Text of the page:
Council of Europe: Outcome of the Parliamentary Assembly session on 10-13 October 2017

October 16th, 2017 § 0 comments § permalink

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PACE, 10-13 October 2017, Strasbourg

Amongst others, the Parliamentary Assembly of the Council of Europe (PACE) concluded as follows at its session:

New threats to the rule of law in Council of Europe member States: selected examples: Resolution 2188 (2017) of the Parliamentary Assembly

“The Assembly has thoroughly examined the situation in five member States: Bulgaria, the Republic of Moldova, Poland, Romania and Turkey. Although the list of problems found in those States does not include all of those to be found in Council of Europe member States, the Assembly is concerned about some recent developments which put at risk respect for the rule of law, and, in particular, the independence of the judiciary and the principle of the separation of powers. This is mainly due to tendencies to limit the independence of the judiciary made though attempts to politicise the judicial councils and the courts (mainly in Bulgaria, Poland and Turkey), massive revocation of judges and prosecutors (Turkey) or attempts to do so (Poland) and tendencies to limit the legislative power of the parliament (the Republic of Moldova, Romania and Turkey). Moreover, corruption, which is a major challenge to the rule of law, remains a widespread phenomenon in Bulgaria, the Republic of Moldova and Romania.” (To read the entire Resolution, click here.)

Venice Commission’s “Rule of Law Checklist”

The Assembly decides to:

6.1. endorse the Venice Commission’s Rule of Law Checklist;
6.2. use it systematically in its work, particularly in the preparation of reports of the Committee on Legal Affairs and Human Rights and the Committee on the Honouring of Obligations and Commitments by Member States of the Council of Europe (Monitoring Committee), in order to accurately identify any structural and systemic problems in the Council of Europe’s member States;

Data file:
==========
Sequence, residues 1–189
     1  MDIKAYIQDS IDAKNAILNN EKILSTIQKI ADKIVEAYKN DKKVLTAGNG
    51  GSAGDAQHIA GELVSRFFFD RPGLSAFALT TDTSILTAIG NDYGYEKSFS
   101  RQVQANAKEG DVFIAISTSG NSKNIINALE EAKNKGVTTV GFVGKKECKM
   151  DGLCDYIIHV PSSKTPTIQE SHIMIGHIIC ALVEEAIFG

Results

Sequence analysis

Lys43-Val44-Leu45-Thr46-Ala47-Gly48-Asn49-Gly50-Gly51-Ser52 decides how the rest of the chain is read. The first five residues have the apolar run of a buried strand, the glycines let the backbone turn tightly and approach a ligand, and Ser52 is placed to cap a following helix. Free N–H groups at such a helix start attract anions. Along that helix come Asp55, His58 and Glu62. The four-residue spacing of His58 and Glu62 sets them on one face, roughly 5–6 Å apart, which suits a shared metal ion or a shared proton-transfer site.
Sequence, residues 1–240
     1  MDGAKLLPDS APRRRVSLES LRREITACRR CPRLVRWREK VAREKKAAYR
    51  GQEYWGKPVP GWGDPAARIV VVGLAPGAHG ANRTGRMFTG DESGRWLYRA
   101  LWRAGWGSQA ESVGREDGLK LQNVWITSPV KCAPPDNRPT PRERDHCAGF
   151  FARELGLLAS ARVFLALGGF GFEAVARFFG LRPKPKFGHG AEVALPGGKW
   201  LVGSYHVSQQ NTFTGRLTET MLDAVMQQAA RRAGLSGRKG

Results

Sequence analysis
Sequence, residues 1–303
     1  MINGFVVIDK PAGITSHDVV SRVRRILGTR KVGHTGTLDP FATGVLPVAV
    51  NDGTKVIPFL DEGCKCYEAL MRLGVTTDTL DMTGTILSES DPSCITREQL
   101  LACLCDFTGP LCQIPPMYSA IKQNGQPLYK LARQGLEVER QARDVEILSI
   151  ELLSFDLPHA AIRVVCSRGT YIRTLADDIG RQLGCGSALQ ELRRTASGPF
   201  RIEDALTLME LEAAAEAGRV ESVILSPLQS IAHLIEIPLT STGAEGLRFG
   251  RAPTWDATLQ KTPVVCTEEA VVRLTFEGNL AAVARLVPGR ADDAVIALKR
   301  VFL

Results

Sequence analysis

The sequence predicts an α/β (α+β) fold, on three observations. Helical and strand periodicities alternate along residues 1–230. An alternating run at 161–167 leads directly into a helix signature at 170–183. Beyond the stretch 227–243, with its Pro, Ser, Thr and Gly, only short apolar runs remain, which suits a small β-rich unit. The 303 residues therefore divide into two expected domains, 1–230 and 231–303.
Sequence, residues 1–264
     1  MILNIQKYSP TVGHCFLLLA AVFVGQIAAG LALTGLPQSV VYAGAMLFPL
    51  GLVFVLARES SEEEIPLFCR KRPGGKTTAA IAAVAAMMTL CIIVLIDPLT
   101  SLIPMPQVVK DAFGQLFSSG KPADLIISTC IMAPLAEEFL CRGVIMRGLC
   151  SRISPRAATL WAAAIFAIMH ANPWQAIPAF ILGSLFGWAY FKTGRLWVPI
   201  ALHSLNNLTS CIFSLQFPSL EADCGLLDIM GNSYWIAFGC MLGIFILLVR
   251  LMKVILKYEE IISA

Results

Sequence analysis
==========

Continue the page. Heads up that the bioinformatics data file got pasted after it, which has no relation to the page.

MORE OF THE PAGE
6.3. invite the national parliaments and government bodies, including the relevant ministries, when assessing the need for and the content of legislative reform, to refer systematically to the Rule of Law Checklist;
6.4. invite international and regional organisations, including the Council of Europe as a whole and the European Union, to refer regularly to the Rule of Law Checklist in their relevant work. In this connection, the Assembly congratulates the Secretary General of the Council of Europe on having taken the Rule of Law Checklist into account in his 2017 annual report on the situation of democracy, human rights and the rule of law in Europe, and urges him to do so systematically in all his future annual reports;
6.5. encourage civil society to use the Rule of Law Checklist to objectively assess respect for the rule of law.
(To read the entire document, click here.)
Please click here for more information on the results of the PACE session.

CCBE Training Conference, 14 December 2017, Brussels

October 3rd, 2017 § 0 comments § permalink

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Registration for the conference has now been opened.

All information on the conference, including the conference programme, can be obtained here.

CCBE adopted statement on professional secrecy / legal professional privilege

October 2nd, 2017 § 0 comments § permalink

In response to infringements in several member countries which are jeopardising the confidentiality attached to the relationship between clients and their lawyers, the CCBE adopted at its Standing Committee on 15 September 2017, a statement on professional secrecy / legal professional privilege. The CCBE emphasises that – contrary to a common misconception – the relationship of professional confidentiality, is intended not to protect lawyers but to protect their clients only. Once a client consults a lawyer, they have the guarantee that what they have said to their lawyer will be protected by professional secrecy / legal professional privilege and remain confidential. It would be impossible for lawyers to provide such advice or representation if the client, for fear of betrayal of that essential precondition of confidentiality, withholds information from his lawyer. Without confidentiality, there cannot be a fair trial and without a fair trial the rule of law is at stake. Confidentiality is one of the cornerstones of individual freedom in a democratic society

Find the statement here (EN) (FR).